WASHINGTON - In the Senate, former senator Ben Nighthorse Campbell had
cachet even among lawmakers who didn't agree with him on fine points of
policy - they always called him, invariably with a show of feeling, a great
guy and a sure guide to Indian issues.
Now Campbell is taking the goodwill built up over 17 years on Capitol Hill,
in both chambers of Congress and in both political parties, to the Holland
& Knight law firm in Washington. The law firm announced on Jan. 6 that
he'll serve as a senior policy advisor. Campbell expects to work on tribal
issues familiar to him from his time in Congress, among them health care,
economic development, sovereignty and resource rights.
The decision was not altogether unexpected. Before retiring from the Senate
at the end of the 108th Congress last December, Campbell put an emphasis on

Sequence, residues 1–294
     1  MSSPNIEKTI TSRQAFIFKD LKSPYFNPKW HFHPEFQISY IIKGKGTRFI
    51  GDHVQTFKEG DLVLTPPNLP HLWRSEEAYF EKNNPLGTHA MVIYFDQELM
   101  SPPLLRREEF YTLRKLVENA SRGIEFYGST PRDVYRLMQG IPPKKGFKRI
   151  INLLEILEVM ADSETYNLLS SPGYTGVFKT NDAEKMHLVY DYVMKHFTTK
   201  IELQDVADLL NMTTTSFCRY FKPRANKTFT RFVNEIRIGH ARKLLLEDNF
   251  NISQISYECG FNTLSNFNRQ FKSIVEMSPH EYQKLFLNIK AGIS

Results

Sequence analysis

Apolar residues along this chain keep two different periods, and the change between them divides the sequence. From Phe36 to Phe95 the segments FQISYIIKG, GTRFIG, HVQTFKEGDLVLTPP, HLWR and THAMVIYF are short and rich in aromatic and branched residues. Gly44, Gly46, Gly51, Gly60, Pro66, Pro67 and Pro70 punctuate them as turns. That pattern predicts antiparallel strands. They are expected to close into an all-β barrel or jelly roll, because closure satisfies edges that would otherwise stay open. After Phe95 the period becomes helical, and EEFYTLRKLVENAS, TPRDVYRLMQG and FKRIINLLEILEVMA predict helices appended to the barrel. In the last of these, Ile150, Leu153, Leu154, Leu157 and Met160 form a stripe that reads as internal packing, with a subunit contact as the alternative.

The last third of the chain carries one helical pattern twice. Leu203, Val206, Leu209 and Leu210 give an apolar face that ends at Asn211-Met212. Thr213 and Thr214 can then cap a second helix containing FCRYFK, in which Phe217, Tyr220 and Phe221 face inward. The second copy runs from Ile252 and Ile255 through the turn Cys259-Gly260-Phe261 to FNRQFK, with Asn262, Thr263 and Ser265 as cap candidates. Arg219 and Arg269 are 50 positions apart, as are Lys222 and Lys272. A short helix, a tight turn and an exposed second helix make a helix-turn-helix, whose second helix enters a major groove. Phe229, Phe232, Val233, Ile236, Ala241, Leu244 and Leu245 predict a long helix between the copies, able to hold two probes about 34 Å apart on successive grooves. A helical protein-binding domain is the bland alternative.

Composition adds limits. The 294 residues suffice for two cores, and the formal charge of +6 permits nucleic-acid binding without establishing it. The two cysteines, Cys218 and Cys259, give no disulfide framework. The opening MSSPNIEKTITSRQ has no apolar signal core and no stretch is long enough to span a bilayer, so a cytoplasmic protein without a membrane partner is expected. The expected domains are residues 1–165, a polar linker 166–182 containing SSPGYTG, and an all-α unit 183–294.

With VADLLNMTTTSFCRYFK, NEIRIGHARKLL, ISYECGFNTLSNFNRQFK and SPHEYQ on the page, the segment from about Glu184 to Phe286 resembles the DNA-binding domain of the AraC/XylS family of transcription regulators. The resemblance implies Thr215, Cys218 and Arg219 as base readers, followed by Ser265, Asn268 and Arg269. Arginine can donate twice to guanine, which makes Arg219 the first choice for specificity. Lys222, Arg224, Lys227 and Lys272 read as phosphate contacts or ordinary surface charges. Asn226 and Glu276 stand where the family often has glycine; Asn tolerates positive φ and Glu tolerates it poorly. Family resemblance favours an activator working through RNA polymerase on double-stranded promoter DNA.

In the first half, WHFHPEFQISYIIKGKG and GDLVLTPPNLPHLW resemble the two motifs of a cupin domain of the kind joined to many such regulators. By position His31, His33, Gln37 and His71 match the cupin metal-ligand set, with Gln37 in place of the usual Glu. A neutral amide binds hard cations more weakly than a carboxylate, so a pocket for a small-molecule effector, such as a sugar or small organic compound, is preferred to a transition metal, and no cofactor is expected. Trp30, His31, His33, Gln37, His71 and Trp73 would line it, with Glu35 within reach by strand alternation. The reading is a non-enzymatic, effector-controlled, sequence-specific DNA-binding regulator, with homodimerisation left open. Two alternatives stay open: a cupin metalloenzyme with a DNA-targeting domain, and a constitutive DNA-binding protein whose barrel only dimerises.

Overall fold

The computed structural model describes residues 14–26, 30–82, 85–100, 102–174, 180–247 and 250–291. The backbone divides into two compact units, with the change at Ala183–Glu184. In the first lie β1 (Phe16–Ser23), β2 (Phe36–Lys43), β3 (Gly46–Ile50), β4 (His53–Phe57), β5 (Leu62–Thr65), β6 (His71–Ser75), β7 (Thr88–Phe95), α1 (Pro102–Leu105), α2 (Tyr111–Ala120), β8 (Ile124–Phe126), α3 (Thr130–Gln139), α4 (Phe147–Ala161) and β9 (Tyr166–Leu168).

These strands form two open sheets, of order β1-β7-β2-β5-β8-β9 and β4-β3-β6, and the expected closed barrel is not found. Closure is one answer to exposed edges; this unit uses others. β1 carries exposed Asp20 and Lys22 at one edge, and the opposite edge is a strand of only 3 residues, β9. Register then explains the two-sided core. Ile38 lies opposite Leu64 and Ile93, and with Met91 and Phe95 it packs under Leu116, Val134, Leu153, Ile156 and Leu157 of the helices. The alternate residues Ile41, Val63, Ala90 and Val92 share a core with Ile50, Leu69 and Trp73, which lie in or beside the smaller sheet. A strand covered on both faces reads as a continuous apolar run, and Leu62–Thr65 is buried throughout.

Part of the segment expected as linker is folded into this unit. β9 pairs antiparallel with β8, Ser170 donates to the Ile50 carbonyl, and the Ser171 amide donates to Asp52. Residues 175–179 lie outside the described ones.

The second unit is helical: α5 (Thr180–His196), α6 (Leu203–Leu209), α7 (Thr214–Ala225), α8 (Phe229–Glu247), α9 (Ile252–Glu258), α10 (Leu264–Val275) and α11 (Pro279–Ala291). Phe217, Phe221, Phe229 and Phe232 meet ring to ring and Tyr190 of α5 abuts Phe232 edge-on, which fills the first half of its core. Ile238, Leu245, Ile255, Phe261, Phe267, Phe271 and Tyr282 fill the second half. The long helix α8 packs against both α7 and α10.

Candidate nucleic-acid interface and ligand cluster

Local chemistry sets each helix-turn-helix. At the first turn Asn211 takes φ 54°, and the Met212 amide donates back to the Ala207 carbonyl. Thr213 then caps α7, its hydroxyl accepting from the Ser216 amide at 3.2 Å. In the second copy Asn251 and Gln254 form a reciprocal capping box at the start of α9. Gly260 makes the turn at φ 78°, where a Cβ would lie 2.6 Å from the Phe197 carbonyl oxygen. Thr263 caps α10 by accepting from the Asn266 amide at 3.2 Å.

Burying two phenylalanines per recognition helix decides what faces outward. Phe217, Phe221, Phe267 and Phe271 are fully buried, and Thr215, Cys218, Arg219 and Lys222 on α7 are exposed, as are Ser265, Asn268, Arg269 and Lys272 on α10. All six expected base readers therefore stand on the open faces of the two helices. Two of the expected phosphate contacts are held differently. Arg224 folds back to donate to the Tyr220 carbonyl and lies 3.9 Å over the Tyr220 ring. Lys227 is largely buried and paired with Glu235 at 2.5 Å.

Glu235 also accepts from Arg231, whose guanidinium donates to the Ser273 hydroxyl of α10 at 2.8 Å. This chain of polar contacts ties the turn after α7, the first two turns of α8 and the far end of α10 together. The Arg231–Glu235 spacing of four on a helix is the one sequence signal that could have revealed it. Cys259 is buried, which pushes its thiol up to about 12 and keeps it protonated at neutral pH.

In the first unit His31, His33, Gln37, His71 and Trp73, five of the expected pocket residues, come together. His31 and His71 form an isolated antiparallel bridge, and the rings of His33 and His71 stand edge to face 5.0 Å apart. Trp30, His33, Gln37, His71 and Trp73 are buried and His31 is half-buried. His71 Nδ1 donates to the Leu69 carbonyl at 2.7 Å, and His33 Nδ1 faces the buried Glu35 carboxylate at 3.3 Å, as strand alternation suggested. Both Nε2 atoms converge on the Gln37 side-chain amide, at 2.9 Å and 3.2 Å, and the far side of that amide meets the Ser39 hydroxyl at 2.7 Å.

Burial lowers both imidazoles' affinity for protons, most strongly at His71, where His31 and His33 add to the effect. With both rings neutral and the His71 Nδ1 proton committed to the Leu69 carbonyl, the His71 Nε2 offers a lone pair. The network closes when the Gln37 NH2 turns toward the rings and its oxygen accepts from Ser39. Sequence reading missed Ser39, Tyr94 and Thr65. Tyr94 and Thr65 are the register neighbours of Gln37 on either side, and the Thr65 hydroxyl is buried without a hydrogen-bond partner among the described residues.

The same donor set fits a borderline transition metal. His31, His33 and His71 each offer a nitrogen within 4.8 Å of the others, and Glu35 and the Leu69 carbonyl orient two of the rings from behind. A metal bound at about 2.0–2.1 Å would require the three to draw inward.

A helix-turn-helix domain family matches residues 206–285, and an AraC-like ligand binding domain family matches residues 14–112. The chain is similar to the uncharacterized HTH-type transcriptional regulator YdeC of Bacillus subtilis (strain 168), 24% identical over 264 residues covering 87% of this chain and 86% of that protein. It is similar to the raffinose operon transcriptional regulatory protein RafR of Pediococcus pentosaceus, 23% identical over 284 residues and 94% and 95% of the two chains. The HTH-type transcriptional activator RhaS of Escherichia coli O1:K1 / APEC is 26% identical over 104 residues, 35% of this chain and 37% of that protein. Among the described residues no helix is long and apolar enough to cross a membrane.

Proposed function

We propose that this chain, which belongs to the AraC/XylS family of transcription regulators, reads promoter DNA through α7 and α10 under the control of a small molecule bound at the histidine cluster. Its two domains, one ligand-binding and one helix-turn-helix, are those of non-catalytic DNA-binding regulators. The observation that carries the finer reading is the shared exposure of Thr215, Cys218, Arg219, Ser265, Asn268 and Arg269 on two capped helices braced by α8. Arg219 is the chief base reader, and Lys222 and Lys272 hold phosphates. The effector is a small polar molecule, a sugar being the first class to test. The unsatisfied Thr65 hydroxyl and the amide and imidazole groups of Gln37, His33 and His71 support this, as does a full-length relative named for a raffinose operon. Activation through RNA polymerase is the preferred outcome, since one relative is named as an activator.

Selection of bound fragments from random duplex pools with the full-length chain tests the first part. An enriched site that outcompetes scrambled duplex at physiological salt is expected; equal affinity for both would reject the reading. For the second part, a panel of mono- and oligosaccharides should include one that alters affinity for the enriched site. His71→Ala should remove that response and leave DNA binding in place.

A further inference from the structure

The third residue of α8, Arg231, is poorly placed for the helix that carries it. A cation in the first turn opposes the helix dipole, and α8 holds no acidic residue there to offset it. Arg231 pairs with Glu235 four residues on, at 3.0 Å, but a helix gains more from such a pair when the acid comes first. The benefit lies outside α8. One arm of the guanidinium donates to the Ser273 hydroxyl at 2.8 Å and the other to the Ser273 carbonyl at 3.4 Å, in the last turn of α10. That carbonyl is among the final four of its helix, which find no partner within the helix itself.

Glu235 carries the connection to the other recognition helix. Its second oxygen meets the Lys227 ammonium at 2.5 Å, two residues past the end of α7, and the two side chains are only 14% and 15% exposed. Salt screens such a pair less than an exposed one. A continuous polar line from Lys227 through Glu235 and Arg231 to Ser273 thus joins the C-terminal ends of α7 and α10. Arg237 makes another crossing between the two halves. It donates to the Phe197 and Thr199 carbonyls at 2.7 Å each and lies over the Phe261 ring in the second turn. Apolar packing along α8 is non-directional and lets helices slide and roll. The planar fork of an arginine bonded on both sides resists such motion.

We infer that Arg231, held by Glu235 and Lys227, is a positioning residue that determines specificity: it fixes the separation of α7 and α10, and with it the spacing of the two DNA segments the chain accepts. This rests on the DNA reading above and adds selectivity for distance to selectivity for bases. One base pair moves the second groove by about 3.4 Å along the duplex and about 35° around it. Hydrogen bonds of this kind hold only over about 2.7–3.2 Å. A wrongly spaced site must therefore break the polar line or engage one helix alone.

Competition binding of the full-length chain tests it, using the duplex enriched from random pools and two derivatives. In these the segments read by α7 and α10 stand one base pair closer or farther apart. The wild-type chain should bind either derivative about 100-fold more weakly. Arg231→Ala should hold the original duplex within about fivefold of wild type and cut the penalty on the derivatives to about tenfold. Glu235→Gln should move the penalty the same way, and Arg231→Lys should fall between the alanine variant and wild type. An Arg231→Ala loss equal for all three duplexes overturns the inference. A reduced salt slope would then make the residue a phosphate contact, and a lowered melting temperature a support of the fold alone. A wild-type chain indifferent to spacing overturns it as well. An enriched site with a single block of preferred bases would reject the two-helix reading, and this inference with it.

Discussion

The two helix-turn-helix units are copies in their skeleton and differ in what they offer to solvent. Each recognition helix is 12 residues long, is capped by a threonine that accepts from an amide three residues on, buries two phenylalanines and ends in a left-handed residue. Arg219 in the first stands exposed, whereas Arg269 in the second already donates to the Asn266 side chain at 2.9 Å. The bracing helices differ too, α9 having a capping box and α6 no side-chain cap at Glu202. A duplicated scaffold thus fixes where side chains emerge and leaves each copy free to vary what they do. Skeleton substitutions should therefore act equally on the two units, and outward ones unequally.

earning money in retirement. Former associates of his in the Senate,
following Republican gains in the November elections, speculated that the
warrior in Campbell might want another crack at failed legislation in a
more favorable political climate.
Campbell is a member and chief of the Northern Cheyenne. He retired as the
only American Indian in the Senate.
Like all congressional members and staff who return to the private sector
in a lobbying capacity, Campbell will have to observe a one-year moratorium
on contacting his former colleagues. Gerald Sikorski, himself a former
congressman in the House of Representatives, heads up Holland & Knight's
government section, where Campbell will work. He said the year goes
quickly. "Even after the year is up, you're really asked how things work
[on Capitol Hill], who would be the best person to talk to. It's not so
much who you know, but how much you know about how the process works."
Sikorski added that Campbell will not have to compromise on a reason he
gave for retiring - to spend more time in Indian country and on his
Colorado ranch. "We want him out in Indian country, as well as elsewhere.
He'll be like the Holy Spirit, everywhere at once... A lot of corporate
board rooms, a lot of pool halls, and a lot of international business
meetings as well ... We want him out on the pow wow circuit, talking to
people. He reflects well on us, and he's kind of beloved."